“The requested records contain information that may affect the business interests or invade the personal privacy of a third party. To assist us in determining whether we may disclose this information, we are giving this third party an opportunity to make representations concerning disclosure.” (ILMB, August 14, 2009)
Business interests? The scientists had claimed there were no business interests involved.
Environmental Assessment Hides Impacts
The provisions of Canada’s Environmental Assessment Act (CEAA) on screening processes can function as a shelter to enable large projects to go forward without public review. The proposed Red Chris copper/gold mine project would cover 110 square kilometres in an area known as the “Sacred Headwaters,” an area in northwestern BC that gives birth to three major salmon rivers. The mine would destroy fish habitat by damming these rivers and dumping toxic waste in the headwaters.
The CEAA requires a comprehensive Environmental Assessment process with public participation for a project so large. However, the Responsible Authority – the Department of Fisheries and Oceans (DFO) – excluded the mine itself from the project description, so that the EA would only look at the tailings pond, water drainage and a dynamite facility. Since the scope of the review no longer included a large mine, it was bumped down to a screening process with no public participation. Both the federal and provincial EA processes determined that the “project” thus defined would cause no significant environmental damage.
MiningWatch Canada, represented by Ecojustice, sued the government for violating the Environmental Assessment Act and won. The decision was struck down by the Federal Court of Appeal, but the case has now gone to the Supreme Court of Canada.
Amendments Exclude Most Projects
The spring 2009 newsletter of West Coast Environmental law reported that Canada is planning to downgrade its Environmental Assessment Act to reduce the number of assessments by 95%. This has already started. In March of this year, without any public notice, the federal government began a series of amendments to the Act that have excluded many kinds of projects, such as landfills, wastewater treatment plans, roads and highway construction, from review. One amendment allows the federal government to shift an EA process to the provincial government.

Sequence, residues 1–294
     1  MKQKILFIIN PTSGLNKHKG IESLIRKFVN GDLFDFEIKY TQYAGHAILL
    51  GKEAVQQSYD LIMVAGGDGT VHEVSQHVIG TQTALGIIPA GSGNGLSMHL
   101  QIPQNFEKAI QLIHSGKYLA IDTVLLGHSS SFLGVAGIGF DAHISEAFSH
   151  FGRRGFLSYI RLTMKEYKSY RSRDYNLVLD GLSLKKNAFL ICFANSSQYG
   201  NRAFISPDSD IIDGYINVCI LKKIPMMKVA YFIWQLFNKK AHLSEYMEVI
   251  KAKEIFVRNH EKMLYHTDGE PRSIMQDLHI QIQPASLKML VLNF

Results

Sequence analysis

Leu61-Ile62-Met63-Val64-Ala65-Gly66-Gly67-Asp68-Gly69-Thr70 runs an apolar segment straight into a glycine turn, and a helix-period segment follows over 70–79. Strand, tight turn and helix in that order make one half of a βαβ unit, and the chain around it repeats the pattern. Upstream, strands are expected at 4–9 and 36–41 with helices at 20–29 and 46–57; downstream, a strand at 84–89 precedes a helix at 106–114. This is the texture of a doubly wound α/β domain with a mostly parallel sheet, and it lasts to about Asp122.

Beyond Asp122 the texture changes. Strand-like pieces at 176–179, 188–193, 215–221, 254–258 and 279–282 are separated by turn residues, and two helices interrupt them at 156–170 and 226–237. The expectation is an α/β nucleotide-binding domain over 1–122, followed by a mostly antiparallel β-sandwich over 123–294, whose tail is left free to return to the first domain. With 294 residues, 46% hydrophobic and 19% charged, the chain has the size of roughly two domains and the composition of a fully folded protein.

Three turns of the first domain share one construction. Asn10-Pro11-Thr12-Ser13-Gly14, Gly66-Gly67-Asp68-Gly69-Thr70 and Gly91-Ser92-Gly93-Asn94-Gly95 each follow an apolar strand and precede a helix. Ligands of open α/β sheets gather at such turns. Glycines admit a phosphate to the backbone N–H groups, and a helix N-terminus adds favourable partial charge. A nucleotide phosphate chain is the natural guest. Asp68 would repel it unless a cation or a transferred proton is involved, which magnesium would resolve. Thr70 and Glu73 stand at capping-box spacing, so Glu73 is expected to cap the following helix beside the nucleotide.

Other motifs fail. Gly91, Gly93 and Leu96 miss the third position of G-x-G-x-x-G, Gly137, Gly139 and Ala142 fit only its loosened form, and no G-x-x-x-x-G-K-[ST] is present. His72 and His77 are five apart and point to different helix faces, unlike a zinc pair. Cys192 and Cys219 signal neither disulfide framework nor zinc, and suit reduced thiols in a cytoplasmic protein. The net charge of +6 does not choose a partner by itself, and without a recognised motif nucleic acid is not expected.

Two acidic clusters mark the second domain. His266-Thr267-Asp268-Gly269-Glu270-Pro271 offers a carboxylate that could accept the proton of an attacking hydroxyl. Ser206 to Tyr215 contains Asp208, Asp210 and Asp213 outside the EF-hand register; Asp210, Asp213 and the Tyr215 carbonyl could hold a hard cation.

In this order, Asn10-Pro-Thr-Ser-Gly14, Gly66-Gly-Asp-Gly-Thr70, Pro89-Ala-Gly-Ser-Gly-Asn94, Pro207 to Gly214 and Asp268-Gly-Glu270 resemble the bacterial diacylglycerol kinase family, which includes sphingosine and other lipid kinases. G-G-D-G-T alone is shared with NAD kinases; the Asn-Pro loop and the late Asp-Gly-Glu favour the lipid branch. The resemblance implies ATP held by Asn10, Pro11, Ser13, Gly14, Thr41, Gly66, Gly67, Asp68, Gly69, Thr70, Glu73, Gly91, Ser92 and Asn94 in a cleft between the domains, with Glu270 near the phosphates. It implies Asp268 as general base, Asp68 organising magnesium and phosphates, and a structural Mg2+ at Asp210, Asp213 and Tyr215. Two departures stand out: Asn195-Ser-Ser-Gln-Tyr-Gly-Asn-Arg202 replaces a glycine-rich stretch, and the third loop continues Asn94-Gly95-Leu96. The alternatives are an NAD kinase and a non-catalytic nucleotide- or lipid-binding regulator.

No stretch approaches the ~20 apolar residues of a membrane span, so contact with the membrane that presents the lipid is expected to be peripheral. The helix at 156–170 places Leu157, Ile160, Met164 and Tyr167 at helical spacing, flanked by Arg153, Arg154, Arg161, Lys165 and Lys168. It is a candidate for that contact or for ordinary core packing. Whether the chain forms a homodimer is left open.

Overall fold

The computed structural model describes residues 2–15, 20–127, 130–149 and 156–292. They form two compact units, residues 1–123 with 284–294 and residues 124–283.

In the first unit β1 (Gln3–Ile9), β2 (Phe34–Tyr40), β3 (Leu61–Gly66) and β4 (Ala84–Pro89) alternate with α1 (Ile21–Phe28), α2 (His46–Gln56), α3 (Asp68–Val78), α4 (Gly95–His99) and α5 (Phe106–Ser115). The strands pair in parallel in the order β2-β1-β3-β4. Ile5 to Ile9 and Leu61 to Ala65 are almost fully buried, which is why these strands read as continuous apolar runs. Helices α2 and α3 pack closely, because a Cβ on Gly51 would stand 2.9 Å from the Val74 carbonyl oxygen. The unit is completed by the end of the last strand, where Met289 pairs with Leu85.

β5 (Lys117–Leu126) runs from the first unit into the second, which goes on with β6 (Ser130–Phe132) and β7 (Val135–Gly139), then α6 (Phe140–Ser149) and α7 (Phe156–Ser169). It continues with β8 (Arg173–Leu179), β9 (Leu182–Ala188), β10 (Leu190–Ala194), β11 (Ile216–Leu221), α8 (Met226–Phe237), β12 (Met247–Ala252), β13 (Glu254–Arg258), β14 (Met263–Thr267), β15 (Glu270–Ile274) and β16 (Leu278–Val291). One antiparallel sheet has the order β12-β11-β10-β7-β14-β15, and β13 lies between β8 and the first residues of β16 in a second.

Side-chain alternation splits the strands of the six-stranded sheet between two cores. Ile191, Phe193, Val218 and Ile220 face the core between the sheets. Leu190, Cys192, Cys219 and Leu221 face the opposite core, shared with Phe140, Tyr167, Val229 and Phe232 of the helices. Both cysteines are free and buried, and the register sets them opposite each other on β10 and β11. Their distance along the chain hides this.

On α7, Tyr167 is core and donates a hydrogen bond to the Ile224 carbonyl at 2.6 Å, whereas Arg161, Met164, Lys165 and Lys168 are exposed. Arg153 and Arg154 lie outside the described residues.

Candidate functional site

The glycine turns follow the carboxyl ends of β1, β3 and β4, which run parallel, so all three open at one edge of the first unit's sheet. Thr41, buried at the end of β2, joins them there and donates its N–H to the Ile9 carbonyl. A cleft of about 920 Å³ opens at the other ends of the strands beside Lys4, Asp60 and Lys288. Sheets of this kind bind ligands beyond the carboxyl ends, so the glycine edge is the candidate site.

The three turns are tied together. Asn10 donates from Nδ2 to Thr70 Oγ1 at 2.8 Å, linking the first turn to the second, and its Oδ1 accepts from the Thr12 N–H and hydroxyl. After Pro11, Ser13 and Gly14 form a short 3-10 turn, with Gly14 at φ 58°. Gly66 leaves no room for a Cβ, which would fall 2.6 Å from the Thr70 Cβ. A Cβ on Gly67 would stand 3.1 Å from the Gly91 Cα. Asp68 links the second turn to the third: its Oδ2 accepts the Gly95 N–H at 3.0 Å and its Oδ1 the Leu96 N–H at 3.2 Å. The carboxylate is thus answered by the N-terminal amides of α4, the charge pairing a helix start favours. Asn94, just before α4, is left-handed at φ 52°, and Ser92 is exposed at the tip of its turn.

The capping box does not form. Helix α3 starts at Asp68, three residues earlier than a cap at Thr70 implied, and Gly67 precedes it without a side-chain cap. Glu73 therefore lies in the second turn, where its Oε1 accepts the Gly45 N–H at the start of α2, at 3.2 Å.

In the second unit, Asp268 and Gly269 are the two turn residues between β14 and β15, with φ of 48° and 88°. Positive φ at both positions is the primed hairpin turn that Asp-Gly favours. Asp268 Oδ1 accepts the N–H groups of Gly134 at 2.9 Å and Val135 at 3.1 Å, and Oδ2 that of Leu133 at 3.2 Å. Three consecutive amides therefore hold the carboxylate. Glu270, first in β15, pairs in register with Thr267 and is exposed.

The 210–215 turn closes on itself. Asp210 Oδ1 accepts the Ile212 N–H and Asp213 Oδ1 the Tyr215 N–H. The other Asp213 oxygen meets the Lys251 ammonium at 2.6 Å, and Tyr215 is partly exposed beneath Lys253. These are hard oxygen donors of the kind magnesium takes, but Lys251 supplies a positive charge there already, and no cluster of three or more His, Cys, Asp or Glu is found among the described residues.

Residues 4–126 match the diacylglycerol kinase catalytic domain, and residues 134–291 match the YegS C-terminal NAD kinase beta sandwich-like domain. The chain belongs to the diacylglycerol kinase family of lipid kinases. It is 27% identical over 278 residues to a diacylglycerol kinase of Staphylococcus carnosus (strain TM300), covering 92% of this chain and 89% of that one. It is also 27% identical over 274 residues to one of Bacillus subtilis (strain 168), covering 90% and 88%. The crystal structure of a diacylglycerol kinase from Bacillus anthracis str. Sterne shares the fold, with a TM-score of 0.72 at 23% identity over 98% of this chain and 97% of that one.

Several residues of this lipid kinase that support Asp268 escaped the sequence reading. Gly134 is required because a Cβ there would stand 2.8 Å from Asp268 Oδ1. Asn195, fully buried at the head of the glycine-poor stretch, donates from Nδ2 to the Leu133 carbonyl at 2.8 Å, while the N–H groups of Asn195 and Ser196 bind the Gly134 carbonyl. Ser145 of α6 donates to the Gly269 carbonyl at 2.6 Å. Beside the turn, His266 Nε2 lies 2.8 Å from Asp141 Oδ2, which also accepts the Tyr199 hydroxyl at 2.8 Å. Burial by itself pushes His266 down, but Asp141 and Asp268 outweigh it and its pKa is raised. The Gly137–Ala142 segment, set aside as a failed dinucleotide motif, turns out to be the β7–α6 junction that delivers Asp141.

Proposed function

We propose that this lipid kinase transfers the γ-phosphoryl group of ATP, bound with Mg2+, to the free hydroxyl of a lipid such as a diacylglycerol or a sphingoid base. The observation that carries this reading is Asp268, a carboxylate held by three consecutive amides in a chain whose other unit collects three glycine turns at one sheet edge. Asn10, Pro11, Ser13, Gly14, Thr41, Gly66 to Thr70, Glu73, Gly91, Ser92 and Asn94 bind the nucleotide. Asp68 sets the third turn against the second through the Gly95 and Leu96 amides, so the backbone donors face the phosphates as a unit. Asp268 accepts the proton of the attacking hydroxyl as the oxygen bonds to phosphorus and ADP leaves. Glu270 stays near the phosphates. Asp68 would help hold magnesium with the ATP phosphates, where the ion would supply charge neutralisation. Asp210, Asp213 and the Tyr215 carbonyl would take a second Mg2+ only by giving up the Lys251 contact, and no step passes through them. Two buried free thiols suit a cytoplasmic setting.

The BC Environmental Assessment Act was butchered in 2002 so that public participation and public access to information is no longer legally required, but only discretionary. According to a 2004 analysis by West Coast Environmental Law, the new Act “requires that where an EA occurs, the review must reflect government policy as defined by the government agency or organization for the identified policy area (s. 11(3)) … For example, the government has stated its intention to double oil and gas production in BC by 2011.
Government could use the provision to dictate that an EA of a natural gas processing plant must support government’s goal … regardless of environmental implications.”
Renewable Energy Ducks Reviews
In Ontario, the new Green Energy and Economy Act has removed requirements for environmental assessment from most renewable energy projects. It sets up a “Renewable Energy Facilitator Office” to fast-track “green energy projects.” According to the Gallon Environment Letter, the agency will generally be exempt from the Freedom of Information Act.
The intent and result of all these problems is to keep the public from knowing the true extent of environmental damage. Environmental assessments as practiced in BC and Canada regularly certify projects, with tragic and dangerous environmental impacts, as being environmentally safe. Citizens continuing to protest these developments face huge hurdles. In cases of civil disobedience, the government or the developer can go to court and show that they have gone through all the hoops required by the law, and conducted “studies” that ensure the environment will be protected.
At this time, Ingmar Lee has been charged with mischief with the intent to injure others. The governments that bend, break and stealthily revoke our environmental assessment laws injure millions of Canadians, yet they are not charged with any crime. Against today’s mega-onslaught of environmental destruction – Bute Inlet, the Enbridge pipeline across BC, the Red Chris Mine – Canada’s disabled and dishonoured environmental assessment laws are helpless to prevent massive environmental damage.
Anne Sherrod is Chair of the Valhalla Wilderness Society.